Zahid Maqbool | May 24, 2022 | 4 min read
For representational purpose (Photo: Joe Hilton, Unsplash)
Like most locals in Kashmir Valley, Mukhtar Ahmed Bhat's ears are accustomed to picking up the slightest noise in the environment and duck or run for safety. He worries for his son, though, wondering how he would save himself from sudden danger. The boy studies in a school for the differently-abled and is hearing impaired. In a region long beset by violence, he cannot hear gunfires or a blast, sounds that have been frequent in Kashmir, especially since militant Burhan Wani was killed in 2016. Five years since Wani’s encounter, and after the removal of the state’s special status, Bhat, like all locals, knows that peace is fragile. What mitigates his worry is the knowledge that innovation might come in handy for his son and children like him. He is pinning his hopes on SAAHI, an acronym for Situational Awareness and Alarming System for the Hearing Impaired. It is a wearable device that has been programmed to pick up sounds of high intensity in the vicinity and alert the user. The band starts vibrating as a warning signal against danger. The idea of SAAHI germinated when students Adil Showket, Danish Rafiq, Waqar Ahmed, and Suhail Majeed—of the Department of Electronics and Communication Engineering at Pulwama’s Islamic University of Science and Technology (IUST)—embarked on a field trip to the Zaiba Aapa Institute of Inclusive Education for specially-abled children in south Kashmir’s Bijbehara town, and interacted with students and teachers there.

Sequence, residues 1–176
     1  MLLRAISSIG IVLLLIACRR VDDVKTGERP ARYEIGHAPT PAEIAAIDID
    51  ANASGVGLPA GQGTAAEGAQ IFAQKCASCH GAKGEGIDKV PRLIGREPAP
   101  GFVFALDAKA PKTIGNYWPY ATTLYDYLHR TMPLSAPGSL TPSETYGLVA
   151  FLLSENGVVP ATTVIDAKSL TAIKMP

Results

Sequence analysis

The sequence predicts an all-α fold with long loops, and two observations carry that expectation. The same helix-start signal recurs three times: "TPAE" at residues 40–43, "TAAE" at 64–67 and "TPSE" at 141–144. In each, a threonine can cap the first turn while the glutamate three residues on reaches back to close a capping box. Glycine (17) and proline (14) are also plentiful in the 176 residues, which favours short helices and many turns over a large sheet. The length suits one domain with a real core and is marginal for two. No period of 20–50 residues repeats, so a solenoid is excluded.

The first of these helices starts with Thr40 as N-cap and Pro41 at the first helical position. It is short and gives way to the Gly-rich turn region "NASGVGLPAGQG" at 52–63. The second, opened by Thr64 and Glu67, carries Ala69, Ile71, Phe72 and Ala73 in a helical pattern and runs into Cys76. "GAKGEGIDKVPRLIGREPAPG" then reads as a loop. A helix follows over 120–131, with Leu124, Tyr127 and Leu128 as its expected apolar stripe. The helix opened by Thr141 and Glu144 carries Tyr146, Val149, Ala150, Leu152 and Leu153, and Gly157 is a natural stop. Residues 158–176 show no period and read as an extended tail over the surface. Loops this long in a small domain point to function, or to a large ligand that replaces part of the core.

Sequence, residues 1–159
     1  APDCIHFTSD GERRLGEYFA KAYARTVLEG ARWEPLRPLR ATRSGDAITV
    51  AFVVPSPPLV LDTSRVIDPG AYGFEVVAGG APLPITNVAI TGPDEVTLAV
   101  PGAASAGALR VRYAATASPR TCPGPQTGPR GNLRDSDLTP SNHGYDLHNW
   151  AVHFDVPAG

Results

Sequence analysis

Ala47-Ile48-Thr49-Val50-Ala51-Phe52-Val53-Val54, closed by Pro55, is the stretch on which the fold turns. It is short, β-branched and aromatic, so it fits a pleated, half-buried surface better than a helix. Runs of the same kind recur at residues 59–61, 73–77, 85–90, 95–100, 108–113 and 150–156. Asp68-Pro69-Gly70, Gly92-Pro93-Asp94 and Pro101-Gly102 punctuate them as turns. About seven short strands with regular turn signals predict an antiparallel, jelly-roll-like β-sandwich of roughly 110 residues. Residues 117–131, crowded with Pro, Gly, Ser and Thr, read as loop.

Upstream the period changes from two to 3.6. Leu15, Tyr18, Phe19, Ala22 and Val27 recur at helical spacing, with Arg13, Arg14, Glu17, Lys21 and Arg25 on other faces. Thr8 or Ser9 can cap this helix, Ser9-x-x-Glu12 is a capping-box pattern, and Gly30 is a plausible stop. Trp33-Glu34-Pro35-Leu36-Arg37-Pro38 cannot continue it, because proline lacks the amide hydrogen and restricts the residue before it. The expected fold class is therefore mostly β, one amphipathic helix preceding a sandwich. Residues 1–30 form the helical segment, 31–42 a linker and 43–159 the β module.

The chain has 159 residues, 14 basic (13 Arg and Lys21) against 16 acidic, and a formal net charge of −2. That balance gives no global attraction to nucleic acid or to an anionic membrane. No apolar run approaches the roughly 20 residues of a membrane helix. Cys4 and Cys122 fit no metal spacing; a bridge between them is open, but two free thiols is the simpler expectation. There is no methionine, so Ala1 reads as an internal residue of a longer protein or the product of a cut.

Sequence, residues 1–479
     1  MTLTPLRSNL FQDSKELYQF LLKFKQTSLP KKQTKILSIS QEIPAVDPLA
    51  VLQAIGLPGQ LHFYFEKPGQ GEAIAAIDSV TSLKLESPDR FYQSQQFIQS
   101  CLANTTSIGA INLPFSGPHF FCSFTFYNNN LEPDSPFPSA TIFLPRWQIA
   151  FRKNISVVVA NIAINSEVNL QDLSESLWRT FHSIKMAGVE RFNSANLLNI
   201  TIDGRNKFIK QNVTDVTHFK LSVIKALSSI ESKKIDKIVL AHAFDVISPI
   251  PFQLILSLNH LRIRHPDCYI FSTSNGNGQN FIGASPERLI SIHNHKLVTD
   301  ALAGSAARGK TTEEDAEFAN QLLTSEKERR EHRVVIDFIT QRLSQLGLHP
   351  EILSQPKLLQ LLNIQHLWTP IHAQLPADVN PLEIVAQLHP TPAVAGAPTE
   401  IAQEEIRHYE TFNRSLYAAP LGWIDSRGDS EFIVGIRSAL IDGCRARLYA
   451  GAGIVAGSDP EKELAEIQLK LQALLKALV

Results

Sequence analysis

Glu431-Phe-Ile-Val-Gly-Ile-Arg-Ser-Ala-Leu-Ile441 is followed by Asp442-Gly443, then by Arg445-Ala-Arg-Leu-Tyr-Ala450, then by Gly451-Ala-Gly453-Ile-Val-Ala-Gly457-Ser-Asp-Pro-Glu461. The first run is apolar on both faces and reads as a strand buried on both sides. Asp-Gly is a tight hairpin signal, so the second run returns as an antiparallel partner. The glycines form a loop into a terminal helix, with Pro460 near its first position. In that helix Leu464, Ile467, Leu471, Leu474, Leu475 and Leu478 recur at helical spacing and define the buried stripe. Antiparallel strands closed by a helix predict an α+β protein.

This is where SAAHI steps in. It is small enough to fit on the wrist of the user as the DIC team has kept the circuitry small. Moreover, it is not expected to cost much once commercially available. Parents such as Bhat are quite enthused with the idea.
“When I learnt about this innovation from the students of IUST, I congratulated the whole team and was informed that once SAAHI is in its commercial stage of production, the band won’t cost more than Rs 1,500,” he says, admitting, “We get worried about the safety of our children when they go to school or a picnic, fearful of their well-being in case violence breaks out.” Javid Ahmed Tak, who is specially-abled himself and runs the Zaiba Aapa Institute of Inclusive Education, is thankful to the IUST team for visiting his school and for the initiative that is expected to benefit dozens of vulnerable students. The DIC is the motivational force behind innovations such as SAAHI and aims to make technology that is beneficial as well as affordable to society. DIC fellow Jawaz Ahmed is heartened that youngsters are trying to find solutions to the problems of marginalised sections of society. “I am interested in taking the project forward and am making copies for feedback so that we can improve the band’s efficiency,” he says, adding that he is keen to use machine learning algorithms and include features such as informing the wearer of the sound's direction and its types. However, he has not set a deadline by which he plans to make the product ready for a commercial launch. Signalling devices for the hearing impaired do exist and use visual cues (flashing light) or vibrotactile cues. These are used to alert a hearing-impaired person about a host of events: doorbell ringing, smoke alarm, telephone, crying baby. SAAHI caters to another need, which is a real threat in conflict zones.
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